The modified input contone data is also passed to the two screener or LUTs 18, 20 for halftone processing at the same time. In each of the screener LUT blocks, it is assumed that the input contone data is halftoned by only that screener (such as a very high frequency soft screen for text) under the control of a screening address calculator 22 that has input from the pixel clock and line clock. A halftone rendered value is the output from each of the screening blocks 18, 20. In the case of rational screens, the repeating calculated address of the halftone blocks for the two screen choices are not necessarily the same. Then a blending operation is done in processor 24 that takes the blending coefficients and the halftone values of all the screens into consideration so a blended rendered halftone value (blended halftoned value) based on the result comes out. Since the edges of non-saturated text/graphics have a high likelihood to use mostly the high frequency soft pictorial screen (which employs a partial-dot growth pattern) and while the interior of the larger text has a higher likelihood to use mostly the lower frequency (mixed-dot growth pattern) screen, fine details are preserved and the large area EP stability is achieved at the same time. Moreover, since the edges of non-saturated text are using higher frequency screens, it does not get degraded by normal lower frequency screen processing (it is almost like an anti-aliasing effect is done for non-saturated text and graphics). The blending of screens also reduces the artifacts at the boundary of image types. This also reduces the moire problem caused by scanning input images that have high frequency features and output with a fixed screen (screen angle, screen frequency) halftone screens.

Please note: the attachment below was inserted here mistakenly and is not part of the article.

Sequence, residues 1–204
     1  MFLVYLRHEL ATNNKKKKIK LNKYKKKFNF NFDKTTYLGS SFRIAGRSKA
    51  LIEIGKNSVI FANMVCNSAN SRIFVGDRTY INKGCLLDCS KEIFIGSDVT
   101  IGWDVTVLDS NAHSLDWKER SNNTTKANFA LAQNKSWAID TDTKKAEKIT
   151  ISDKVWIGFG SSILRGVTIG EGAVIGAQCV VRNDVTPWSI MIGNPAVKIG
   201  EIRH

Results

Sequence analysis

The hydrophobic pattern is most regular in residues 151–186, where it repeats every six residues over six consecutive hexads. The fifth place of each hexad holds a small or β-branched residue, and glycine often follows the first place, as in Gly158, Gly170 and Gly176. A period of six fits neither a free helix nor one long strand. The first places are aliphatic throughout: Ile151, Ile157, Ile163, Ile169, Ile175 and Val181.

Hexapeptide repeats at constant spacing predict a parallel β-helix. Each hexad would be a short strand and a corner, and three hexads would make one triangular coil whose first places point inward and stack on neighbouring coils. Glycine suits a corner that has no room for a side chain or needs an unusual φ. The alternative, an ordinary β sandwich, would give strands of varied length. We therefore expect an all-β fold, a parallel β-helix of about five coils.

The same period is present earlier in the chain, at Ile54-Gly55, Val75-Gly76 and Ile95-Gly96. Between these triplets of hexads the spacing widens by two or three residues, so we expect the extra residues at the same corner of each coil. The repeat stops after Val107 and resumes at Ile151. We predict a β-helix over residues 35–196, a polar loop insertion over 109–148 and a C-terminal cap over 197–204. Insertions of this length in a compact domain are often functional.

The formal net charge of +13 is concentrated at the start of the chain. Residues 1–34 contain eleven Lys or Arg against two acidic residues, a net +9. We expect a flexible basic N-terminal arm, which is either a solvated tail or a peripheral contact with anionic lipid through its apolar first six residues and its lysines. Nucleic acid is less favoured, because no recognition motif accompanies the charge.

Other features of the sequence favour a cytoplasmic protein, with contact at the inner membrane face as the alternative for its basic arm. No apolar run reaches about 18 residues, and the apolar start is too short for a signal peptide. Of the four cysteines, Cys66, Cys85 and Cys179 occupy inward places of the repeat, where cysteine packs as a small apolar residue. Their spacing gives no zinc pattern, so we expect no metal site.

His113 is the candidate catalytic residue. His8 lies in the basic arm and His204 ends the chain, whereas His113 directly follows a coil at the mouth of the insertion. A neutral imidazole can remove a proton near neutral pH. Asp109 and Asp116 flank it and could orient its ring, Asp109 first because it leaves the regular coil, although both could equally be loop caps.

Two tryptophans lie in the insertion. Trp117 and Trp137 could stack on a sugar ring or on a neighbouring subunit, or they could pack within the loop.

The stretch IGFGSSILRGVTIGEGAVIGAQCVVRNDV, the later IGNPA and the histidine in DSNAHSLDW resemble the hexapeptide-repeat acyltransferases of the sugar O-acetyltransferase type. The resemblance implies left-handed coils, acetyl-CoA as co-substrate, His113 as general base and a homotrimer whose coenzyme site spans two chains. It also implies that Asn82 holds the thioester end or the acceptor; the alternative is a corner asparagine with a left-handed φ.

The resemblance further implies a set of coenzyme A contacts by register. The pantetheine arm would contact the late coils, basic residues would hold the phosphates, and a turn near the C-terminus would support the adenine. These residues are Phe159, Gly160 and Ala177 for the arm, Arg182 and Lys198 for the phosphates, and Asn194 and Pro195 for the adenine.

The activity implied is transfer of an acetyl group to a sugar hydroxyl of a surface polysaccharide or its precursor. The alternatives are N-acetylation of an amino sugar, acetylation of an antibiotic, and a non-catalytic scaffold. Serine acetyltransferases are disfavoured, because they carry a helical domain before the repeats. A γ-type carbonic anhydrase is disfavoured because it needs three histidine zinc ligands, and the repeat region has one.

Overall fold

As noted in U.S. Pat. No. 5,694,224 in gray level printing, each pixel has the capability to be rendered in several different dot sizes or densities, and thus different gray levels. The number of gray levels is at least three whereas in a binary system only two levels are possible, background and highest density. However instead of simply providing each pixel with an independent gray level, several pixels may be organized together to form a super pixel, or cell. Each of the pixels in a cell is then provided with a gray level. The human visual response integrates the various gray levels of the individual pixels in the cell to a single perceived gray level for the cell. This is similar to the basic concept of binary halftoning. The number of tone skills for a cell is increased greatly, however, due to the number of different gray levels available for each pixel. For example, instead of only the two levels provided in binary halftoning for each pixel, 256 levels (including zero) can be provided with gray level printing for each pixel in the cell. The formation of the dots in the pixels of the cell can be performed in a number of different manners to achieve different desired results. The dots can be formed as “full” dot, “partial” dot, “mixed” dot or fixed dot to provide gray level halftoning. The partial dot formation process and mixed dot formation process are described in the aforementioned U.S. Pat. No. 5,694,224.